Leininger (2001) has stated that "The primary goals of transcultural community - based nursing are to help people of different and similar cultures maintain their health, prevent illnesses or disabilities, and die in culturally congruent and meaningful ways" (p.220).Thus this innovative form of nursing is becoming increasingly important in health care.
In light of the above facts it is necessary to promote cultural sensitivity among nurses providing community health care, identify the challenges that are likely to hinder the implementation of a nursing framework that seeks to ensure culturally competent care and to pinpoint the resources available in the community that assist in transcultural nursing. In doing so it would be possible to ascertain practices that are conducive to promoting transcultural nursing and to determine ways in which it might be practiced more effectively.
In order to promote cultural sensitivity among nurses it is important to impress upon them the significant role culture plays in individual lives. Cultural beliefs and tenets exert a profound influence on the way people choose to act, live their lives and make their decisions. According to Leininger (2001), "Humans are culturally rooted, acting and making decisions daily that are based on largely unspoken values, beliefs, and cultural community lifeways" (p. 222). Keeping this in mind, nurses are likely to be more sensitive to cultural practices which they might otherwise dismiss as eccentric or ridiculous. In this context, it is possible to promote cultural sensitivity by putting nurses into intimate contact with their own often forgotten cultural roots. This will enable them to identify with their patients who care deeply for their culture.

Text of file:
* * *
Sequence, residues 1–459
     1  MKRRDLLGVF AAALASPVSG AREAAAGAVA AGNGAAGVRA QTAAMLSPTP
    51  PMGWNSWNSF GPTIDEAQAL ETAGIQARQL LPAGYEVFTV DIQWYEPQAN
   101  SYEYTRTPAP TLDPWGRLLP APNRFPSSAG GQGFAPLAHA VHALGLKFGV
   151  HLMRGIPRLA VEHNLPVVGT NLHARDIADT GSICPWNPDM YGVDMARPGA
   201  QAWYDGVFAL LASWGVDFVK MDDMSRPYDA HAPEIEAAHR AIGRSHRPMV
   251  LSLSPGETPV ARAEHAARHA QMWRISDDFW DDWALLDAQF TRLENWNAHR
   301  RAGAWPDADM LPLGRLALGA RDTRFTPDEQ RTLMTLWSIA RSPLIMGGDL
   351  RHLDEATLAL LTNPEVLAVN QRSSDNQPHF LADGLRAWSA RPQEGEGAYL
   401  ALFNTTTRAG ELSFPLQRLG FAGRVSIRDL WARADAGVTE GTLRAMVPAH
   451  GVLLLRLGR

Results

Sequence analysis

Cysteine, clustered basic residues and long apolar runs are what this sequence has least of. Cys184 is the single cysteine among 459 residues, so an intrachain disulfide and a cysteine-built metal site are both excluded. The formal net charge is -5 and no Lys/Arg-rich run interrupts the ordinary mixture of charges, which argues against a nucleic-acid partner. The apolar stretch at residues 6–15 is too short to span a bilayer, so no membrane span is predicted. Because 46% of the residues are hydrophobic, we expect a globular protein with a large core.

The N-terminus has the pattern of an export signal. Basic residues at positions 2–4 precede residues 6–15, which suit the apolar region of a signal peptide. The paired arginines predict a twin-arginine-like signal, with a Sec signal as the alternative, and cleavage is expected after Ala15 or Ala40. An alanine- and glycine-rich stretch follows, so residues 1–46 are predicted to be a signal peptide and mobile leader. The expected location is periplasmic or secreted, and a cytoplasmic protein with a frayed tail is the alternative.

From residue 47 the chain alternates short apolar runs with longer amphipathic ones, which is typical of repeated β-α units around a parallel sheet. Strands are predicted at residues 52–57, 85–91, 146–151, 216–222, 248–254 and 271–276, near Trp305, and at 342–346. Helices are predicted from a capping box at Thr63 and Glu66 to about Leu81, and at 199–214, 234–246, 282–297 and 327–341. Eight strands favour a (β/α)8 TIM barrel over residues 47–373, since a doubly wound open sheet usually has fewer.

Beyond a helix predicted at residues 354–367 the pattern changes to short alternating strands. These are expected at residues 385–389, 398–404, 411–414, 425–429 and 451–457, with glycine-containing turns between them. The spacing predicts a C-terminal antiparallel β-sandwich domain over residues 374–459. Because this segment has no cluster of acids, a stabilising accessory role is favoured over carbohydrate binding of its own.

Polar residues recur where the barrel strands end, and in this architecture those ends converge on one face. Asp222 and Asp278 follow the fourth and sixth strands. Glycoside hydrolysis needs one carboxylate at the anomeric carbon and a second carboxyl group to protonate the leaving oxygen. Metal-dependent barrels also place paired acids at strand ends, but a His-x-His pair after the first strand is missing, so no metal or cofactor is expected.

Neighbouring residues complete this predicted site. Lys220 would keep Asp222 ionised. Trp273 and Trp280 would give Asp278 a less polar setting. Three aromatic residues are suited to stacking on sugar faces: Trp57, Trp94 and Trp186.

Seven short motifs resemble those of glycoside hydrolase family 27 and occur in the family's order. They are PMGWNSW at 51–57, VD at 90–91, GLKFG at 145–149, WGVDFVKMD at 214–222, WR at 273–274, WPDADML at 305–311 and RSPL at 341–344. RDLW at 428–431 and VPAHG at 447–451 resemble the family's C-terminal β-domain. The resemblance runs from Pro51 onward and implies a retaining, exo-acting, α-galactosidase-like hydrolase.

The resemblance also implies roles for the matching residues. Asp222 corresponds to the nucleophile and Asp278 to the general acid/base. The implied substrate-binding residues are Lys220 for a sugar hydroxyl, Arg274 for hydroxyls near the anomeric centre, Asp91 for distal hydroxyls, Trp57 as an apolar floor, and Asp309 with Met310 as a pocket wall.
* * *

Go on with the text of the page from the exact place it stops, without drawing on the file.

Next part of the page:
Nurses should be made cognizant of the fact that incorporating transcultural knowledge and skills with their existing scientific practices can go a long way in making things easier and more effective for them when it comes to dealing with patients, particularly the recalcitrant ones. Failure to provide care that is compatible with individual cultures is likely to be met with resistance, hostility, fear and a lack of cooperation. This can impair or even endanger the health of the patient. And since the spirit of community nursing is all about helping in the healing process and putting patients on the road to recovery, nurses should pull out all stops to ensure that the patient's health does not suffer because of their own cultural ignorance.
The scope for community - based transcultural nursing is on the rise as immigrants from every corner of the globe throng to the United States of America. Taking care of their health needs entails being aware of their cultural beliefs and expectations. Nurses need to be aware of this fact in order to serve the patient to the best of their abilities, otherwise they might find their existing skills are obsolete and useless in the face of increasing ethnic diversity. Leininger (2001) reports that "Many nurses said they had to almost completely relearn nursing from a different perspective because many of their previous nursing ideas did not fit with specific cultures" (p. 222). Such reports from experienced nurses along with information on multiculturalism and its impact on community health care management may be used to promote cultur